Joe Wertz

StateImpact Oklahoma

Joe has previously served as Managing Editor of Urban Tulsa Weekly, as the Arts & Entertainment Editor at Oklahoma Gazette and worked as a Staff Writer for The Oklahoman. Joe was a weekly correspondent for KGOU from 2007-2010. He grew up in Bartlesville, Okla., lives in Oklahoma City, and studied journalism at the University of Central Oklahoma.

Ways to Connect

The sign on the front door of Pecan Creek Catering in New Cordell, Okla., may say closed, but this kitchen is open for business. It used to be a cafe, but owner Chad Igo closed the restaurant years ago to focus on catering exclusively to the oil industry.

"We're kings when it's good. They love us. But as soon as it gets tight, we're the first one to get cut," he says.

Joe Wertz / StateImpact Oklahoma

The sign on the front door says “closed,” but Pecan Creek Catering in New Cordell, Okla., is open for business. Out back, a tractor-trailer is being unloaded. Giant cans of green beans, tomatoes and mushrooms are hauled inside, where they’re sorted and stacked on metal shelves.

In the kitchen, Jennifer Etris pours a carton of buttermilk into a giant bowl and stirs.

“I cheat,” she says. “I use two of these ranch dressing mixes instead of one. It is known all over the world, my ranch dressing.”

Joe Wertz / StateImpact Oklahoma

A rowdy crowd of concerned residents shouted at city officials and questioned representatives of an oil company at a Thursday night meeting about a proposal to drill near Lake Hefner in Oklahoma City.

Hundreds showed up for the meeting, which was held at the Will Rogers Conservatory, a venue that was too small for the crowd. People formed a long line and waited in the rain to attend a second overflow meeting held immediately following the first meeting. Protestors gathered outside the building, chanting “Stop fracking now,” and “No more drilling.” 

Joe Wertz / StateImpact Oklahoma

StateImpact racked up thousands of miles traveling across the state this year, filing more than 40 full-length radio features and hundreds of web posts on how government energy, environmental and economic policy affects ordinary Oklahomans. And many of those stories involve issues that are ongoing.

EPA Regulations

On of the first broadcast stories we filed this year was on the U.S. Environmental Protection Agency’s regional haze rule, and how pollution from Texas coal plants dirties the skies above the Wichita Mountains of southwest Oklahoma. Volunteer firefighter and avid hiker Bill Cunningham took us to the top of Mount Scott to show us the pollution the rules are supposed to fight.

Joe Wertz / StateImpact Oklahoma

The State of Oklahoma has enough revenue to trigger an income tax cut, finance officials said Wednesday.

As StateImpact’s Joe Wertz reports, the amount of money available to fund state government is trending flat, but officials say lackluster revenues seem manageable.

About 1.7 million Oklahoma taxpayers pay the top income tax rate, which will drop a quarter point — from 5.25% to 5% — in 2016.

Joe Wertz / StateImpact Oklahoma

Attorneys general in at least a dozen states have formed an ‘unprecedented, secretive alliance’ with the energy industry to fight federal environmental regulations, The New York Times Eric Lipton reports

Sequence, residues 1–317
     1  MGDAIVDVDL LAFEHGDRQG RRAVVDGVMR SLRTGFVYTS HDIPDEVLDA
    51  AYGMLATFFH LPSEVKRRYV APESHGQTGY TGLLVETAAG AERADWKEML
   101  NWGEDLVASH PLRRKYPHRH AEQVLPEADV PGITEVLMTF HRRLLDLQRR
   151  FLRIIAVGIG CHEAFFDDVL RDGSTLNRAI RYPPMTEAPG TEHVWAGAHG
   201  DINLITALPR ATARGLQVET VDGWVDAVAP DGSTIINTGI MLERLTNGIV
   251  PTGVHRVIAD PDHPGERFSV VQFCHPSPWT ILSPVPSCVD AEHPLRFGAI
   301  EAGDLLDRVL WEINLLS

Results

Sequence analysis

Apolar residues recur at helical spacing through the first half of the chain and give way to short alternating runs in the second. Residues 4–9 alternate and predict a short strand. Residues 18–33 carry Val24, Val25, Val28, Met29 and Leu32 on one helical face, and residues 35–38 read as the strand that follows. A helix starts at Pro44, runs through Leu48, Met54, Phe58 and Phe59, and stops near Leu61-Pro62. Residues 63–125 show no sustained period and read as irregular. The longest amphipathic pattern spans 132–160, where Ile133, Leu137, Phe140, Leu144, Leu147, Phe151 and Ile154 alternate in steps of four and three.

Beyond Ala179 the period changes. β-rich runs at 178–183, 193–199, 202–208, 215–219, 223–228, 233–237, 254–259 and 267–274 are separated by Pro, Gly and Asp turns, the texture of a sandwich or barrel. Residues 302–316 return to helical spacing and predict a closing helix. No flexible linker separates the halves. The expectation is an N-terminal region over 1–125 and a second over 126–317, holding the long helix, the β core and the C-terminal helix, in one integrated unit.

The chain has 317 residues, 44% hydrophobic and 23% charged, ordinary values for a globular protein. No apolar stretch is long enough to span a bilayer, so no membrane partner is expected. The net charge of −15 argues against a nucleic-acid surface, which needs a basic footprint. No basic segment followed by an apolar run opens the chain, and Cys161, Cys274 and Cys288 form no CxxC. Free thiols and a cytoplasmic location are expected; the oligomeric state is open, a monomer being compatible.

Joe Wertz / StateImpact Oklahoma

The 2015 session is still months away, but the newly elected Oklahoma Legislature has already started talking about how to divvy up roughly $7 billion in state appropriations.

Some prominent lawmakers are promising to re-examine tax credits and economic incentives worth hundreds of millions of dollars. Some of those incentives are used for wind energy, which the industry says are working.

Big Wind

Oklahoma is in the middle of a wind boom. In the last five years, installed wind power capacity has soared more than 200 percent. Last year, Oklahoma was the country’s fourth-largest producer of wind-powered electricity, data from the U.S. Energy Information Agency show. But every energy boom comes with a cost.

Joe Wertz / StateImpact Oklahoma

The Oklahoma Corporation Commission on Tuesday ended its four-month inquiry into wind energy development in Oklahoma. The examination could lead to new rules, though it’s not clear what they might be or which agency would enforce them.

The commission heard from vocal landowners for and against wind farms. Developers lauded the economic potential of Oklahoma’s wind, while conservationists and Indian tribes warned that, left unchecked, turbines would kill threatened bird species and ruin delicate grasslands.

Joe Wertz / StateImpact Oklahoma

Scientists, regulators and technical experts from the energy industry met in Oklahoma to discuss how earthquakes triggered by oil and gas operations should be accounted for on national seismic hazard maps, which are used by the construction and insurance industries and pubic safety planners.

The three-day workshop started Nov. 17 and was co-hosted by the Oklahoma Geological Survey and the U.S. Geological Survey.

Crystal J. Hollis / Flickr

Driven by water worries, safety questions and quality of life concerns, residents in Oklahoma and states other the country have pushed for citywide bans on hydraulic fracturing.

Many of those efforts have proved successful, but, in the end, fracking bans might be more about lawyers than voters.

Using local referendums, residents in states like California, Colorado, New York and Ohio have successfully banned fracking. The anti-fracking fervor has even spread to Texas, the country’s No. 1 crude oil producer. On Election Day, voters in Denton approved a citywide ban on fracking.

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